The announcement today that the Washington Post Co. intended to put Newsweek up for sale initially appeared to take the media world by surprise and, according to Howie Kurtz, stunned the newsroom into silence. For those who have been following the travails on the magazine in recent years, however, the news should probably have not come as much of a surprise.
Despite a recent, and encouraging, upswing in sales the magazine was painfully (and unnecessarily) late to the Internet game, and while they have been making great strides in the last ten months since their relaunch, they were playing a losing game of catch-up to other news magazines (Time, The Atlantic) who had spent years developing a smart, online brand. I suspect it was a case of too little too late. That said, as Colby Hall pointed out, Newsweek is a nationally recognized brand. Editor Jon Meacham himself has branched out to various platforms — and is apparently looking to purchase himself — so all in things considered it might make for a attractive acquisition. But for who? Here’s the top five people we think should consider buying Newsweek (plus one bonus).
Michael Bloomberg: Yes, his name comes up on every list ever of prospective people who could save struggling media brands. And yes, he just bought business week. But not only does Bloomberg have the cash he also has the ambition. Bloomy will be out of office in three years. A presidential run in unlikely. But this is a man who has grown accustomed to political and intellectual influence, what better way to extend than than buy purchasing a political and intellectual magazine that the sort of people he likes to schmooze with reads.
Rupert Murdoch/ Mort Zuckerman: Dream team! Kidding. But this might be appealing to either of them. Zuckerman already owns US News & World Report and this would be a step up from that. Meanwhile Rupe has demonstrated his need for respectable properties with his sort of disastrous purchase of the Wall St. Journal, but what if Rupe opted to turn Newsweek into a sort of Fox News Weekly. BAM! Get a couple a survival seeds advertisers and you’re all set.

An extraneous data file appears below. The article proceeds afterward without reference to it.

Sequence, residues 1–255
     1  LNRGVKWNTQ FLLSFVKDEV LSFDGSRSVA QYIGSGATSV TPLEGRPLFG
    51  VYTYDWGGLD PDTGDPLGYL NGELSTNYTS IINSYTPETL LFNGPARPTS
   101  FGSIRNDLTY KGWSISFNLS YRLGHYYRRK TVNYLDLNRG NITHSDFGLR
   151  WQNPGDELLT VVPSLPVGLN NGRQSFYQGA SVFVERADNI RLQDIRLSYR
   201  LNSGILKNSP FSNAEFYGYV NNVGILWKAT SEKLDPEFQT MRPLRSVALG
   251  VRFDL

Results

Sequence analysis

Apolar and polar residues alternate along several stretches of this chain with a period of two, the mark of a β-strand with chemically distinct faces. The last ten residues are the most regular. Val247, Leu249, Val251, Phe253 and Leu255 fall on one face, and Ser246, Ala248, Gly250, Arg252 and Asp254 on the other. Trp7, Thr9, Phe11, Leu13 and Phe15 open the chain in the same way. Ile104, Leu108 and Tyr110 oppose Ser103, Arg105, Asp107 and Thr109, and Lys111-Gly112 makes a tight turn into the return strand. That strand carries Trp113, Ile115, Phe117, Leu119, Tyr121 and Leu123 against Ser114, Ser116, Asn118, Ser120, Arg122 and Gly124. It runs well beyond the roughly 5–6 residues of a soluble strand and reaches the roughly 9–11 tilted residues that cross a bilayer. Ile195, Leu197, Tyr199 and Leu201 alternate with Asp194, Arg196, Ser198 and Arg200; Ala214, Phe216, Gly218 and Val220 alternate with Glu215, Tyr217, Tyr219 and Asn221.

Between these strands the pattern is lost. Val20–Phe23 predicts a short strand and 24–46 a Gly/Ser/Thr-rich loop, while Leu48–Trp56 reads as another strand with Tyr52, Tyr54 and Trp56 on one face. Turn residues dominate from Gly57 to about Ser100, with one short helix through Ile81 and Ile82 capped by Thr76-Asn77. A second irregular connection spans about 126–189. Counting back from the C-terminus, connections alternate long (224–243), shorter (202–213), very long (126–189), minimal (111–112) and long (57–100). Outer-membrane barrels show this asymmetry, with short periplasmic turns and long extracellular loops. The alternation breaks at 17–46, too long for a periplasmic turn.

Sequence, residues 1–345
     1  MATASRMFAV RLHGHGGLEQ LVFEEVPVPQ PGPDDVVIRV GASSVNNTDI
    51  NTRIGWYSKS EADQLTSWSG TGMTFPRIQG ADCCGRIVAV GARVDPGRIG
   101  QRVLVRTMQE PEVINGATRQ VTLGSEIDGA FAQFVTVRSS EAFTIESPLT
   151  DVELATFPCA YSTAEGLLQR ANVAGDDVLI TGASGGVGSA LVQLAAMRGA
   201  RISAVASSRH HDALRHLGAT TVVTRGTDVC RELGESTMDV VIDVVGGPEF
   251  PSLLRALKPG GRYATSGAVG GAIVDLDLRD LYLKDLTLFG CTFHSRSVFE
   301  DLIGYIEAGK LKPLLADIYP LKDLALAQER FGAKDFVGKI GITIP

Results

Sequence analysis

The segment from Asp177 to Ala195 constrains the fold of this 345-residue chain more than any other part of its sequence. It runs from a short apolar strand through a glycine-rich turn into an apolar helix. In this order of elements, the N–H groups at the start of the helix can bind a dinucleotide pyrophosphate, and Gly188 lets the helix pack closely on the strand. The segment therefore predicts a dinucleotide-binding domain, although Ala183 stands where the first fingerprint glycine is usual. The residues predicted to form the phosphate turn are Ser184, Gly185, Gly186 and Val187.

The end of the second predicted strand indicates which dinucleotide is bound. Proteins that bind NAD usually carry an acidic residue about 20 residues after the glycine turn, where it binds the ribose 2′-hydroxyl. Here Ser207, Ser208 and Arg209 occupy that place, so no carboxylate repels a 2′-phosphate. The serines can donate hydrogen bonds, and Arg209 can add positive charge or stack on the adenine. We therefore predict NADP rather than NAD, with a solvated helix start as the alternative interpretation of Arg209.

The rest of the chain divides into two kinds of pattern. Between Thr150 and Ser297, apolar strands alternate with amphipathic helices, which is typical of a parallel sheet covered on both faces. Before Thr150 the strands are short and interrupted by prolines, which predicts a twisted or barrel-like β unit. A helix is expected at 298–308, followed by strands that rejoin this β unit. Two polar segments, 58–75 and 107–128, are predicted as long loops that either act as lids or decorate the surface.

Glenn Beck: This is a man looking to build an Oprah-like empire. He already has a hit cable show, a hit radio show, his own magazine, best-selling books, the ability to make books best-sellers, and a 100 year plan. All that’s missing is an infiltration in the high brow magazine rack. He has the sort of loyal audience that might make for a solid base, again throw in some survival seeds advertisers and voila G-Week.
Nick Denton: The man who launched the online media empire and changed how we write online. Despite all his online success it’s clear that Denton has a deep love for the magazines — or maybe just New York magazine. I have no idea what Denton would do with a weekly magazine, and likely he doesn’t have the funds to make it happen, but I’d be really excited to find out.
Arianna Huffington: HuffWeek! I know. Why would a website buy a magazine? Again, in the case of Newsweek, a lot of it has to do with credibility. Also a nice way to extend HuffPo’s reach, and/or let its longer, non-slideshow pieces shine. Plus they could devote and entire section to the best and/or most unhinged comments of the week.
Sarah Palin: Not really. But, if she did she could totally put Meacham on the cover in a pair of revealing running shorts.
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